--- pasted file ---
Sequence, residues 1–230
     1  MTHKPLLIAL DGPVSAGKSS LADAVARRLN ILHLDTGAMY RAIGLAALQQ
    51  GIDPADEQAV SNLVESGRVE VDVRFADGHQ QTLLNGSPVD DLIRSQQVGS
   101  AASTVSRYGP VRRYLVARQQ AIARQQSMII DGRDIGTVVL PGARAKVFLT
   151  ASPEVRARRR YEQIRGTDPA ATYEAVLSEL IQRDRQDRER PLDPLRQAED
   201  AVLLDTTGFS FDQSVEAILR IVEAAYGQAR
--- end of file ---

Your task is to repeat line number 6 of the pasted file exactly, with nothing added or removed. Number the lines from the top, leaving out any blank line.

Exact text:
   201  AVLLDTTGFS FDQSVEAILR IVEAAYGQAR